Friday, August 21, 2009

I posted a letter

I clutched the envelope tight as I drove to office this morning. It must be posted today, I told myself. I couldn't help notice the contrast between the dingy basement room functioning as Kundalahalli Post Office and the steel and glass Cosmos Mall gleaming on the other side of the road. I queued up behind half a dozen people at the counter (wo)manned by a nervous looking fidgety lady alone. It was interesting to see what gets transacted there. A vermilioned lady was getting her Post Office savings bank passbook updated and asking questions nineteen to the dozen. The postmistress violently stamped the receipt and sent her packing. Next, an elderly gentleman wanted to know how much it would cost to send different denominations of money to Pune by Money Order (yes, people still do those, not everyone has access to NEFT). He was given a chit of paper with the different combinations possible and politely asked to rejoin the queue after deciding. A few money orders and speedposts later came my turn. I suddenly realized that I didn't even know what denomination of stamp I needed for my ordinary post letter. Turned out to be Rs 5. I bought four of these so that I don't have to queue up again this decade. Stuck one onto my envelope and sent it snailing towards the Income Tax office in Electronic City. Another study in contrast that. I had to come to a brick and mortar post office for the first time in a couple of years, because I needed to post a receipt generated from filing my Income Tax returns (brace for this) completely electronically over the internet this year!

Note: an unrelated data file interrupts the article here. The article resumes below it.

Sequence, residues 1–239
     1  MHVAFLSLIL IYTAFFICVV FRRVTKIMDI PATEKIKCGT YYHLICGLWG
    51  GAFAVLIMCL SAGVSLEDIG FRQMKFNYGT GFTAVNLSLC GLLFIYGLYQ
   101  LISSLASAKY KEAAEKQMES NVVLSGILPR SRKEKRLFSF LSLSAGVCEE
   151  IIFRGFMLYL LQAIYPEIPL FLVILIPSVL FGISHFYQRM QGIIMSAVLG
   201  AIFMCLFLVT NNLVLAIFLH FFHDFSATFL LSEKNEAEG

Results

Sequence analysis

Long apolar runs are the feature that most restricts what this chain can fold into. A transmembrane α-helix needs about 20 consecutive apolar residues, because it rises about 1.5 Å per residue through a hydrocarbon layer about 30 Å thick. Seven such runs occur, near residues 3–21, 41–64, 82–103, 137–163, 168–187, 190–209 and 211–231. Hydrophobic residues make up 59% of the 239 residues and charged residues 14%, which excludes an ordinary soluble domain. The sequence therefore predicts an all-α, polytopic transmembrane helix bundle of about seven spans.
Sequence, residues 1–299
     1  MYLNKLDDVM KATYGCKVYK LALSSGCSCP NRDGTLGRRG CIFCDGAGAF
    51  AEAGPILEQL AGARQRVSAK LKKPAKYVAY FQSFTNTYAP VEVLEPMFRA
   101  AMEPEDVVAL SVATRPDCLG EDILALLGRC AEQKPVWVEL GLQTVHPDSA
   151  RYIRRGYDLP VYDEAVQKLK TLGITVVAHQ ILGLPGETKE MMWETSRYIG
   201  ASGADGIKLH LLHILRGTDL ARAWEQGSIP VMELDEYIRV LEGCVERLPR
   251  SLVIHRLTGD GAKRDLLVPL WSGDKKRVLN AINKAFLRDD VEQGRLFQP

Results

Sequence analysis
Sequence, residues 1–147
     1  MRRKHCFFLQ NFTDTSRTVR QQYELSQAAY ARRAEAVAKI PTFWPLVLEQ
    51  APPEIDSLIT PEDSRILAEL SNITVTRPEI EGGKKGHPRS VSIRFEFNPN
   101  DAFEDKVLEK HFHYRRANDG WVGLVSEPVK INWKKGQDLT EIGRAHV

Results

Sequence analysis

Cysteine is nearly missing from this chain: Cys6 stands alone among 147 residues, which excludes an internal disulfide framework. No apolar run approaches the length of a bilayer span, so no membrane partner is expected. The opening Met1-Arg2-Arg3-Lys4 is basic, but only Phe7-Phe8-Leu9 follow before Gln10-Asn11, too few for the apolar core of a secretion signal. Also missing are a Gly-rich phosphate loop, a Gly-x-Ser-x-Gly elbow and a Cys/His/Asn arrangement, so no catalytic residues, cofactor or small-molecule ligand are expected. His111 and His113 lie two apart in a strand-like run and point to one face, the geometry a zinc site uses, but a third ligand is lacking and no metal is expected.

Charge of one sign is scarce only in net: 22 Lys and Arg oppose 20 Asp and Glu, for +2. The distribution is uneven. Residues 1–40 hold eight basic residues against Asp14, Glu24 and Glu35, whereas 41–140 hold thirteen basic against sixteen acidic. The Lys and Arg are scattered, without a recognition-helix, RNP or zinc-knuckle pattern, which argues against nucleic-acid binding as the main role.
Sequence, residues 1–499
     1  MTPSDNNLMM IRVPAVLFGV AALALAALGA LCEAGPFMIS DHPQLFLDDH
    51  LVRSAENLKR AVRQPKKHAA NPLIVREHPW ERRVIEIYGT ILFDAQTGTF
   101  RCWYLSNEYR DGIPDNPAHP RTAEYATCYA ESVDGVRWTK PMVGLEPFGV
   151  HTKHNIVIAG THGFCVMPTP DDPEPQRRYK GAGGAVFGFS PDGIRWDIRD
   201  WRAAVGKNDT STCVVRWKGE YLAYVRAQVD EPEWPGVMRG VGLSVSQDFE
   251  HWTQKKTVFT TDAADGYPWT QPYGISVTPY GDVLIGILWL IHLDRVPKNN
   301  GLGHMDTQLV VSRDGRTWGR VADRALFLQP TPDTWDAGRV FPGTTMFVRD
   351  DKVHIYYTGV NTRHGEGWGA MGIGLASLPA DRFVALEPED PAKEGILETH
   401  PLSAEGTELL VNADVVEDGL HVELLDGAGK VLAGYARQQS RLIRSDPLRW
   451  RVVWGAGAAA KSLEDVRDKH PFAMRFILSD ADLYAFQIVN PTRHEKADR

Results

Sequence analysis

As I walked back to the car, I wondered when I'd possibly have to visit a post office next. Probably not in a long time. And the reason for the reduced popularity of post offices (at least in urban India) is probably not mainly due to email. I'd guess the handwritten letter was dealt a death blow more by the ubiquitous cellphone. Very few would want to write a letter when they can talk directly. And then for the purposes of sending parcels, the zillions of private couriers probably do a lot better job than IndiaPost.
Ultimately it was enjoyable to actually transact communication the forgotten way. Hope the letter reaches though.